Feeds

Hacker wrists slapped for stealing Lady Gaga songs

Trojan attack nets racy Kesha photos

Security for virtualized datacentres

Two German hackers have been convicted of stealing unpublished songs from some of the most popular recording stars, including Lady Gaga, Mariah Carey and Justin Timberlake, and selling them for a tidy profit.

The unidentified youths, aged 18 and 23, used phishing attacks and trojans to plant malware on the computers of the artists' managers and then pilfering the new material, AFP reported. They turned a profit of about 15,000 euros by offering them for sale online.

The 18-year-old hacker, who called himself DJ Stolen, also downloaded explicit private photos from bombshell artist Kesha and blackmailed her to give him an audio endorsement that he could use to promote his image among hackers, AFP said.

DJ Stolen received an 18-month sentence at a young offender's institute, and the older defendant got an 18-month suspended sentence.

The judge in the case “considered the fact that both defendants are attested to be highly addicted to the internet to be a mitigating factor,” a spokesman for the local court in the western city of Duisburg told the AFP. ®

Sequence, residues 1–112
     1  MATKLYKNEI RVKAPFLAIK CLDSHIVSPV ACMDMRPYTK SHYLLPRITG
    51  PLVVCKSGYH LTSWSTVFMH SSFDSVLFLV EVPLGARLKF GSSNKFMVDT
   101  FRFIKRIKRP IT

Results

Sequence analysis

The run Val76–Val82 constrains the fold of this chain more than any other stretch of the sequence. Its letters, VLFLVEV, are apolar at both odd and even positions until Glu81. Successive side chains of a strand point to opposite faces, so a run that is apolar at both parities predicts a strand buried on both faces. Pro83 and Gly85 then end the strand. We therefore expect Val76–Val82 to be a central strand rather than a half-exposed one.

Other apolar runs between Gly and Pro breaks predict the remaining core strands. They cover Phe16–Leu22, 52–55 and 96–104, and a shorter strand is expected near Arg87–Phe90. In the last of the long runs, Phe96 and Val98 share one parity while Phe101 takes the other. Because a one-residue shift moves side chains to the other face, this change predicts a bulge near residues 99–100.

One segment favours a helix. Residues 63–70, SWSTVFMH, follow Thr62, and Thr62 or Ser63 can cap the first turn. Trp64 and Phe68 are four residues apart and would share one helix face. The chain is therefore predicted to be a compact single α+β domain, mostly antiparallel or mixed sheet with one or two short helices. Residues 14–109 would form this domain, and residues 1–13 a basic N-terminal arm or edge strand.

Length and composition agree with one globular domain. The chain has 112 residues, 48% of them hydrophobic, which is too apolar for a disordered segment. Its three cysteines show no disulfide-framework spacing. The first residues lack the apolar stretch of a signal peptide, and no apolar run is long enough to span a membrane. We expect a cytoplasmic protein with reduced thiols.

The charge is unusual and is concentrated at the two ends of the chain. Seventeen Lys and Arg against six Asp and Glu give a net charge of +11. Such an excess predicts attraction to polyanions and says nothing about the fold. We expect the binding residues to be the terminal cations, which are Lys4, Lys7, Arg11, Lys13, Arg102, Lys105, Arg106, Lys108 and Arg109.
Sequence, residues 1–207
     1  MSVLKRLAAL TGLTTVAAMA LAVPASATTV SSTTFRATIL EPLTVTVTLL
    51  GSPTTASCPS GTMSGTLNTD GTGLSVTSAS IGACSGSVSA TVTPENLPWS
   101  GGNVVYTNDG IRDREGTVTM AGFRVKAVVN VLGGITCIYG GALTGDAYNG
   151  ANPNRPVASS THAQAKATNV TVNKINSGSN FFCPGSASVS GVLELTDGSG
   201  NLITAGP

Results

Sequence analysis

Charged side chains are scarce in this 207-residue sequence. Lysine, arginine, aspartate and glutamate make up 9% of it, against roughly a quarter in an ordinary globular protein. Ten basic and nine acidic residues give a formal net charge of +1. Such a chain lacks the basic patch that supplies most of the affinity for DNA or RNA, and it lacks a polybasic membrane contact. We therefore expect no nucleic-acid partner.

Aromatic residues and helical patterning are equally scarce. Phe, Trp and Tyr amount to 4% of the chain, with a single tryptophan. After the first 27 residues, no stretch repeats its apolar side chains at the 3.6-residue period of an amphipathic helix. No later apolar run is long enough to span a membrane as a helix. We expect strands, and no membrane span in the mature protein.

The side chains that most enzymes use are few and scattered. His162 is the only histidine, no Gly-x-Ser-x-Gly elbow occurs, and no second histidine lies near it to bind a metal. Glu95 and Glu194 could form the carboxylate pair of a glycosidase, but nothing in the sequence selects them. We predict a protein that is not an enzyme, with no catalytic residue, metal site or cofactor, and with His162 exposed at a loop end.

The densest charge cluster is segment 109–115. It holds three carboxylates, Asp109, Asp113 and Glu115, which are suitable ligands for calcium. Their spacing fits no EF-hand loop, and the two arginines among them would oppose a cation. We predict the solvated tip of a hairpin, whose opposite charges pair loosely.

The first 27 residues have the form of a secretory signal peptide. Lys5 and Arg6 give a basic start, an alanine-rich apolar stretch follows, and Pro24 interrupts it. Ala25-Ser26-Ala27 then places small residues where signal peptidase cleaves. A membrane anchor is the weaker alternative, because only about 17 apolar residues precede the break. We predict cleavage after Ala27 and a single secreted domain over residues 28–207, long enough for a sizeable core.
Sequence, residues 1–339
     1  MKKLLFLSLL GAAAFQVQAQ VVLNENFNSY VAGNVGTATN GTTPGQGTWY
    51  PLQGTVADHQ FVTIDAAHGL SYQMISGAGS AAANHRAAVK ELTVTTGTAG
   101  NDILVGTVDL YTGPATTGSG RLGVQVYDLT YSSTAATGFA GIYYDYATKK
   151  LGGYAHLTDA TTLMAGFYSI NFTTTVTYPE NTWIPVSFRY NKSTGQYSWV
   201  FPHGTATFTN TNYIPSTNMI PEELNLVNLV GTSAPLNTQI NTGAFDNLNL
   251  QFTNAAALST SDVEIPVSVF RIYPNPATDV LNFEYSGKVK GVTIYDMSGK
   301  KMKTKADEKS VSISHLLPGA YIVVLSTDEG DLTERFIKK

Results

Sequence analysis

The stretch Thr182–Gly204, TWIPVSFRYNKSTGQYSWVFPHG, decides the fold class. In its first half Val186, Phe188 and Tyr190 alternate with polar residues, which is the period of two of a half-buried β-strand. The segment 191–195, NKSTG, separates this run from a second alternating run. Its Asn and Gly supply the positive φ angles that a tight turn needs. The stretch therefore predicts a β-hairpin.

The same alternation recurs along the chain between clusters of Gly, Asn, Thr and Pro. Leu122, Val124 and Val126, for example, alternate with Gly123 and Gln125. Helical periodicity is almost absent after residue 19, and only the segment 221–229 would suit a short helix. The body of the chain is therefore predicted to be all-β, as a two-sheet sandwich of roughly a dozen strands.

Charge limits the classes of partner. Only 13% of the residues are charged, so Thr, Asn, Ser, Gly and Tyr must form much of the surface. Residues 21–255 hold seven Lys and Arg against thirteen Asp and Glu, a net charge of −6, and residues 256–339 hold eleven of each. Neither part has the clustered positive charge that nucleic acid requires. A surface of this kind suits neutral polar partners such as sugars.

Beginner's guide to SSL certificates

Whitepapers

Cloud and hybrid-cloud data protection for VMware
Learn how quick and easy it is to configure backups and perform restores for VMware environments.
A strategic approach to identity relationship management
ForgeRock commissioned Forrester to evaluate companies’ IAM practices and requirements when it comes to customer-facing scenarios versus employee-facing ones.
High Performance for All
While HPC is not new, it has traditionally been seen as a specialist area – is it now geared up to meet more mainstream requirements?
Three 1TB solid state scorchers up for grabs
Big SSDs can be expensive but think big and think free because you could be the lucky winner of one of three 1TB Samsung SSD 840 EVO drives that we’re giving away worth over £300 apiece.
Security for virtualized datacentres
Legacy security solutions are inefficient due to the architectural differences between physical and virtual environments.